The design of comfortable, load-transferring devices — such as shoes, bike seats, backpacks, or prosthetic sockets — for attachment to humans in a quantitative way is currently beyond our technological abilities. The process of bearing load through the body’s external tissue must be better understood in order to reduce the effort required for comfortable, load-bearing attachment to the body.
An increased understanding in the area of the mechanical deformation of the body under load to a high resolution can provide the necessary quantitative information to design comfortable, load-transferring devices.<
This talk will focus on prosthetic sockets for lower limb amputees; however, in general load-bearing objects are not designed with a quantitative, scientific understanding of the mechanical deformation of the body’s tissue. This results in an unacceptable number of uncomfortable, unhealthy sockets.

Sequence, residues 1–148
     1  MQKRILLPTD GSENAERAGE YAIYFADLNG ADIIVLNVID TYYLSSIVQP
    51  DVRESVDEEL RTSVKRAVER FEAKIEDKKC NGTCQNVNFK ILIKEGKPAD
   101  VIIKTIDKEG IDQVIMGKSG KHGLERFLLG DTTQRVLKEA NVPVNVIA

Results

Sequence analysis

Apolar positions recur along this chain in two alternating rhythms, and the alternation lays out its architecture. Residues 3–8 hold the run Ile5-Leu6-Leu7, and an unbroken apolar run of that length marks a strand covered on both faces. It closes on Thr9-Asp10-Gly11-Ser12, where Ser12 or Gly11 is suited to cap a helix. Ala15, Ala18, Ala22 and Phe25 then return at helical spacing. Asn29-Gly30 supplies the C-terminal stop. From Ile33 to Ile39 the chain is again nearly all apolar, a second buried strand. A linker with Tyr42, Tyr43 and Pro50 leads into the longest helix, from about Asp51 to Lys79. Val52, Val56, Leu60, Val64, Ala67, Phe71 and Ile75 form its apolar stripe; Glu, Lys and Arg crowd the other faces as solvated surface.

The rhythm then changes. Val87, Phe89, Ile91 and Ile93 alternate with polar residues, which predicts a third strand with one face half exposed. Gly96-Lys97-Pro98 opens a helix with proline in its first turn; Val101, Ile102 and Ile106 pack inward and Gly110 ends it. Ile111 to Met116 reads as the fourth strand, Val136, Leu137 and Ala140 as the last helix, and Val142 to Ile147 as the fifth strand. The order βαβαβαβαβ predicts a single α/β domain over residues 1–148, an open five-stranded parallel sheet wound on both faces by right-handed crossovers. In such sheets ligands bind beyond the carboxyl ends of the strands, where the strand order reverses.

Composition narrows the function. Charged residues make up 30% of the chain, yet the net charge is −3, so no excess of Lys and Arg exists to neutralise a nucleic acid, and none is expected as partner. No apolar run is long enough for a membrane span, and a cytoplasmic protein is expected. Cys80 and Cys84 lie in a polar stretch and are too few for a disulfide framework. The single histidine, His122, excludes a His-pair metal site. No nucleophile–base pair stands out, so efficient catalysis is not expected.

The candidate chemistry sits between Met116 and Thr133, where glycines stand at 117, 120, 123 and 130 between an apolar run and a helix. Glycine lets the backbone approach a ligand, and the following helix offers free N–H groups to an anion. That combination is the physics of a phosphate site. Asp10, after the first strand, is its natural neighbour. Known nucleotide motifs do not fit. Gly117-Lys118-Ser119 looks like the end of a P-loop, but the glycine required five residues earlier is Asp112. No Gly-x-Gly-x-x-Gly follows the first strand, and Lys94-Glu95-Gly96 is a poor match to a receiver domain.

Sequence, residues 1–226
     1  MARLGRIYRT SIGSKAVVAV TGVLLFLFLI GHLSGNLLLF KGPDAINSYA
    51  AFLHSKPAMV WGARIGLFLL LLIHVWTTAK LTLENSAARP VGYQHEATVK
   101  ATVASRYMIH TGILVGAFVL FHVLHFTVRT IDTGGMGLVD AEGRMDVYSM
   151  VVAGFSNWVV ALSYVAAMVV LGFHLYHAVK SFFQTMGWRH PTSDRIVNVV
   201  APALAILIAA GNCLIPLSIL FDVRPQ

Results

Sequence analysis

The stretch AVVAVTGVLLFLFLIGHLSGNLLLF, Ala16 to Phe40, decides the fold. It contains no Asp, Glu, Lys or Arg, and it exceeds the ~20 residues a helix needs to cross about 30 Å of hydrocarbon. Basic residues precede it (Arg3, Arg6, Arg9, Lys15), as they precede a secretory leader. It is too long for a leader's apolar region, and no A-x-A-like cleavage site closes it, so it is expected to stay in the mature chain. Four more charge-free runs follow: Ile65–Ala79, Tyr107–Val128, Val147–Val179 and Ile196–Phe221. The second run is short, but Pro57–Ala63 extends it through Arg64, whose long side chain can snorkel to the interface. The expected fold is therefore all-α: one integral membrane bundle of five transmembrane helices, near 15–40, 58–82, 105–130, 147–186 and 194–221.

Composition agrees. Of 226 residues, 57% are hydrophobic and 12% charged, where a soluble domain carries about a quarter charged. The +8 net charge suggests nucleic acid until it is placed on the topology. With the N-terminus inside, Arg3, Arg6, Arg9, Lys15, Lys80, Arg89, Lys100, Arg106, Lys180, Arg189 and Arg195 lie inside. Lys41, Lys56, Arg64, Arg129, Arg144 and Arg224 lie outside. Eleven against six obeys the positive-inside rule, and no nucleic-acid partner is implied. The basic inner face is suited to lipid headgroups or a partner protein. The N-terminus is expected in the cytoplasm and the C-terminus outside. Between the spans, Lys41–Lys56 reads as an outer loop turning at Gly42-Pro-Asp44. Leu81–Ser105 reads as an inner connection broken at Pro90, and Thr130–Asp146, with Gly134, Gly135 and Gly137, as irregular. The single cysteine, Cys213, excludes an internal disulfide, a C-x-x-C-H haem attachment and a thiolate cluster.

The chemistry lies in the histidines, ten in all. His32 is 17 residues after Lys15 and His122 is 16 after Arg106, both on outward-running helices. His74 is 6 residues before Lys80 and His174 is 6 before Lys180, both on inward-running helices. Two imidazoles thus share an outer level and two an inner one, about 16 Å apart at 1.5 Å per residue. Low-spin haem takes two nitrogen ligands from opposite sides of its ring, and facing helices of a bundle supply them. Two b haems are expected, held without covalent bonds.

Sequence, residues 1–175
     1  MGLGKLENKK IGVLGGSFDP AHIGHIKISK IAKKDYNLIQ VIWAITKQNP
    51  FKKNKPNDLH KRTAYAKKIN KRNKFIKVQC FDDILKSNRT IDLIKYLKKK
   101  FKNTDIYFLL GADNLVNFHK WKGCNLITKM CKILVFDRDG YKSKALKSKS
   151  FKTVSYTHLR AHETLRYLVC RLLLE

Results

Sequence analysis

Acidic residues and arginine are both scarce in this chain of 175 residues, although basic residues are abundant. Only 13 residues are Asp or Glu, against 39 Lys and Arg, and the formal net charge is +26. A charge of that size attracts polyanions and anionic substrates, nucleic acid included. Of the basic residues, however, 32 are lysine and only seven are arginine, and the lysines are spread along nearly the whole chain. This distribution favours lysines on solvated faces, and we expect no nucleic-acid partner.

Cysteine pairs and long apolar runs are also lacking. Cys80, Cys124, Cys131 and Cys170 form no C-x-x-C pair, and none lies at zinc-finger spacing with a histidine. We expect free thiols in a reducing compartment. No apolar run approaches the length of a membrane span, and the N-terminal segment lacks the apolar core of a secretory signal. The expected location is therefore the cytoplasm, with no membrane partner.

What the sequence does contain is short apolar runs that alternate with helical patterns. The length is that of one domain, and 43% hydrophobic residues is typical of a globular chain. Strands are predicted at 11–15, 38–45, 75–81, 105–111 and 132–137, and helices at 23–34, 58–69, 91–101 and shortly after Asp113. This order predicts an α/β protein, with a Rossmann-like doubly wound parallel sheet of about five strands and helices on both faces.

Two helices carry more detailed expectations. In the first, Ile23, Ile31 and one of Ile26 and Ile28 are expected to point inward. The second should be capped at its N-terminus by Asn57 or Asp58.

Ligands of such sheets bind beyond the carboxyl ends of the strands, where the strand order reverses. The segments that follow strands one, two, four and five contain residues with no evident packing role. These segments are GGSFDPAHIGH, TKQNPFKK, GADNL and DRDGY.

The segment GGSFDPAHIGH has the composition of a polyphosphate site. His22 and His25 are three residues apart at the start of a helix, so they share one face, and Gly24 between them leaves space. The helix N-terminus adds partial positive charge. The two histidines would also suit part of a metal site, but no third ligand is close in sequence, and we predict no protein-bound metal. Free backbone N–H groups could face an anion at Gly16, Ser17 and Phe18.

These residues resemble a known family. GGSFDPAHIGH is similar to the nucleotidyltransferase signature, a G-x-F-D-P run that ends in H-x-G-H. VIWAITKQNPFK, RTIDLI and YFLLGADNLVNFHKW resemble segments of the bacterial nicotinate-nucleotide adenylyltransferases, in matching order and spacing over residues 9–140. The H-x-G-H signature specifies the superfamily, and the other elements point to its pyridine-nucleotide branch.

Uncomfortable sockets force their users to endure discomfort in order to interact with a world design for bipedal ambulation. This is a problem. A more objective understanding of the mechanical properties of the biological tissue interface make it possible to mechanically couple with the body more efficiently. Load transfer between an object and its wearer will be more comfortable, healthy, and directly coupled. New objects that attach efficiently to the body can be designed more rapidly upon a scientific framework rather than artisanal guesswork.
Arthur is a Ph.D. candidate in the Biomechatronics Group. He specializes in robotic measurement systems for biomedical system identification. Arthur seeks to increase the efficiency of productivity in order to allow people to get more, higher quality, better thought-out ideas transformed into real things. The purpose of this is to increase the quality of life of as many people as possible by 1) making their goals easier to attain, and consequently 2) making those effected by these goals have the ability to live life more in line with their desires. In short, he tries to make it easier for people to get things done. In the Biomechatronics Group, this is done by making devices that help create more comfortable sockets for those with amputations.
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